From the Greek philosopher, Aristotle, comes the quote “The whole is greater than the sum of its parts”. When thinking about this quote one might be confused as to its meaning, though put simply it is telling us that one part of something may hold no significant value unless combined with all of its other parts. This simplicity seems obvious and can be applied to many things regarding the value we attribute to the whole as opposed to individual pieces.
But can this theory be applied to us as human beings, to our lived experience? And if so what does that mean in the context of our happiest memories or the trauma we have survived? Is it possible to show up as our whole selves at all times?
For those of us who have experienced trauma, we can find it difficult to look past the most challenging moments of our lives. The trauma we have been subjected to and the moments we have survived can alter our entire existence. These moments can have us questioning if we are still the same people we were before, or have us mindfully noting that we are forever changed due to our lived experiences. They can cause us to feel a sense of disembodiment, where the trauma we experienced or were subjected to detaches us from our bodies. We can also have moments of disassociation where we disconnect from the memories of the trauma. These feelings of disembodiment and dissociation can cause us to perceive these moments in time as separate from us as a whole human being.
As a trauma survivor, I’ve found myself swinging on the pendulum between wanting to actively dissociate myself from the traumatic memories of the abuse I had been subjected to, and wanting to share my lived experience as it has played a significant role in my story. Even today as a public speaker and advocate I have moments where I want to retreat and pretend that these parts of my story do not exist. Moments when I detach from myself, breaking up the pieces of me into segments and siloing them from one another, have been the moments in my life where I have been the most unhappy. This overwhelming feeling of brokenness has caused significant ill mental health and utter exhaustion from having to be different versions of myself in different settings, whilst trying to remember who I am and how I truly feel.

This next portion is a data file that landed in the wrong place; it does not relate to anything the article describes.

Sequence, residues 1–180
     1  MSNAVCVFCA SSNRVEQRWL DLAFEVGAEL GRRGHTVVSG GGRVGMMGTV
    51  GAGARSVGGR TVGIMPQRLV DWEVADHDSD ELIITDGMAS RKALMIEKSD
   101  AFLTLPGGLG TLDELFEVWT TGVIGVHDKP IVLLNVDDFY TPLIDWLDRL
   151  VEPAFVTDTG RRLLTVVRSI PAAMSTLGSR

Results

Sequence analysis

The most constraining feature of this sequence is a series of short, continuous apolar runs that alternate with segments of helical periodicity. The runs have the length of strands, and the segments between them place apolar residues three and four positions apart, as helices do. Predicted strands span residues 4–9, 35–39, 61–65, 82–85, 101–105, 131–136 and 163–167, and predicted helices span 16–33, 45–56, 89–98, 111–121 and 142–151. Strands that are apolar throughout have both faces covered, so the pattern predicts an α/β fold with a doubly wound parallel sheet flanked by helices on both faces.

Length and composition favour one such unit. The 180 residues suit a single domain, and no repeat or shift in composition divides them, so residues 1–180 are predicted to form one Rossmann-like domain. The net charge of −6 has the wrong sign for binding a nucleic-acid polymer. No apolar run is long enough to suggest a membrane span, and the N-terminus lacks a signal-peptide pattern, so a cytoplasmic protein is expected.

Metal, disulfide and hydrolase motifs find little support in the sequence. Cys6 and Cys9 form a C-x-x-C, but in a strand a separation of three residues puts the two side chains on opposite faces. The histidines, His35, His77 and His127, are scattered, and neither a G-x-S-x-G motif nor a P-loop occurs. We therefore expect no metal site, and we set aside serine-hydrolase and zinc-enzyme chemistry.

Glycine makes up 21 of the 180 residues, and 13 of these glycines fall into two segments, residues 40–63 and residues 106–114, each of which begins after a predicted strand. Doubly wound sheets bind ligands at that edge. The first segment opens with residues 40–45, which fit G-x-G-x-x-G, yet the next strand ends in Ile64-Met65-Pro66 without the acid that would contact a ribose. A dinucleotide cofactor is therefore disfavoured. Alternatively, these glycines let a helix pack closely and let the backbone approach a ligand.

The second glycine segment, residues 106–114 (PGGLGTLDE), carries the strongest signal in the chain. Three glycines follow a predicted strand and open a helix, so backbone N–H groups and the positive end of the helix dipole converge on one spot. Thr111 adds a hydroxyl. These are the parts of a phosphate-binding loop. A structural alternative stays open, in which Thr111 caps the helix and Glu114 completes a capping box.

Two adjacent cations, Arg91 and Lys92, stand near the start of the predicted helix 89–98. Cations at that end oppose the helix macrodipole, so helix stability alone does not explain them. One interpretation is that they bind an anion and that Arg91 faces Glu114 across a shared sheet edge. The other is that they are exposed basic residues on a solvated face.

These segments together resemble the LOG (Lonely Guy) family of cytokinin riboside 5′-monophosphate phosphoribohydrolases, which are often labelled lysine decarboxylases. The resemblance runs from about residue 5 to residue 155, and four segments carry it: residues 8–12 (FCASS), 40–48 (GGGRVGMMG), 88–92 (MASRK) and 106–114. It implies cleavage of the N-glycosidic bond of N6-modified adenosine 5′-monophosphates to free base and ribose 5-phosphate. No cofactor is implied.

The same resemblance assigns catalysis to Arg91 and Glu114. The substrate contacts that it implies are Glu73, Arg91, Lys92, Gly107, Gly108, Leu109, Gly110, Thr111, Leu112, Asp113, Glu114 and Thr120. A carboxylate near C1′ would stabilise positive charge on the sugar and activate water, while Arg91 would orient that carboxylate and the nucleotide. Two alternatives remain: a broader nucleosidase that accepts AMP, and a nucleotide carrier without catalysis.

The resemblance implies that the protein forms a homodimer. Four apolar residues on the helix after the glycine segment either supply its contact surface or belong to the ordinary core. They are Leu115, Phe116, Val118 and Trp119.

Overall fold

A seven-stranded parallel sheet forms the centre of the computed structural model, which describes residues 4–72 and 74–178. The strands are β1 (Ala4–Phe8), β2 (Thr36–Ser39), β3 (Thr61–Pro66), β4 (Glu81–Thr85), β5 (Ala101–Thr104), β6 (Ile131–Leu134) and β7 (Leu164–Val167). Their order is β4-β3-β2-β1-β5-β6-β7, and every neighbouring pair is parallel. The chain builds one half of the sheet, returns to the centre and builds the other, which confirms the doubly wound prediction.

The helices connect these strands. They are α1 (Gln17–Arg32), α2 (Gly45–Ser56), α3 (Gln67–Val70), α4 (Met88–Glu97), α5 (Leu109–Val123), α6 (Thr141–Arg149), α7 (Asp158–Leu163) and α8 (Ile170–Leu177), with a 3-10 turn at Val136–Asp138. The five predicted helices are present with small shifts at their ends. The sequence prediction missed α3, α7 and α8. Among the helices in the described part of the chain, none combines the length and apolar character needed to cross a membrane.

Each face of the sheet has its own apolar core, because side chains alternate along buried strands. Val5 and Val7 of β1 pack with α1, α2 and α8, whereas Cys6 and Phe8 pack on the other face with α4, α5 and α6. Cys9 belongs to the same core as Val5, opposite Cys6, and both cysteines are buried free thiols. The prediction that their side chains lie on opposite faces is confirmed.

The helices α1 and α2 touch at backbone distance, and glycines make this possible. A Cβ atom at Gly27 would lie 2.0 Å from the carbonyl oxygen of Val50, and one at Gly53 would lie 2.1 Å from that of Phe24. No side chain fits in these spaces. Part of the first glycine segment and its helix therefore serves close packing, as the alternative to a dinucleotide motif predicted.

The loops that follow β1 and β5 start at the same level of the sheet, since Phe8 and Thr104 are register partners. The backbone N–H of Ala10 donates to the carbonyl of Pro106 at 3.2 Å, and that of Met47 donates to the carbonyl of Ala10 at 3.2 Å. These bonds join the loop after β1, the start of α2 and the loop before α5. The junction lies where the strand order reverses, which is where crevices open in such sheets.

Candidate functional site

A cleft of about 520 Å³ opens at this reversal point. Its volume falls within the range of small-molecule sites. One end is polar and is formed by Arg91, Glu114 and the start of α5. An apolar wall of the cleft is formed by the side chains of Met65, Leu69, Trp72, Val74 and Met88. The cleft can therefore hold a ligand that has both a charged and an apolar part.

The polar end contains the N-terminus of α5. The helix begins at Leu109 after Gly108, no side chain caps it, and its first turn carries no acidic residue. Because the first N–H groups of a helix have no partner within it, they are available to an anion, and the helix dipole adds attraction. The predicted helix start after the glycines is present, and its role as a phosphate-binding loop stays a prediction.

On my healing journey, what I’ve found to be the most radical form of self-care has been to show up as my true self, rebelliously embracing all parts of myself. Shining a light on the dark underbelly of the trauma as well as embracing my highlight reel with pride. This is sometimes confronting for people who are watching my journey. The darker stories I share make people uncomfortable and raise topics that people want to ignore. In the same way, my accomplishments and outward embrace of success can also make people uncomfortable. Good girls don’t make a fuss, they shrink themselves to ensure they don’t take up space. But I’m not a good girl, and the people-pleasing behaviour I displayed for most of my life no longer serves me, and that is difficult for people to digest.
When we consider that as human beings, we are whole beings made up of various parts, we can acknowledge our childhoods, our lived experiences, our relationships, our choices, our ideas and our emotions. We are simultaneously connected to our ancestors, and paving the way for generations to come. Though all of these elements can feature both good and bad experiences, when we place such rigid structures around these parts of ourselves and the emotions of our lived experiences we forget that we are greater than the sum of our parts, greater than what has happened to us.
As a survivor of child sexual abuse, incest, family and domestic violence and trauma I am mindful that the odds have well and truly been stacked against me, and being broken into pieces was the path most people expected me to take. But I am living proof that there is life beyond trauma, there is liberation in embracing being more than one thing and a true power in showing up authentically as a whole human being.
So I ask you, what can you do today to energetically call yourself to yourself? How can you find the courage to be more than one or two parts of your lived experience and how can you step forward on your journey knowing that you are greater than any one part of your story? How will you show up and know that you, my friend, are whole?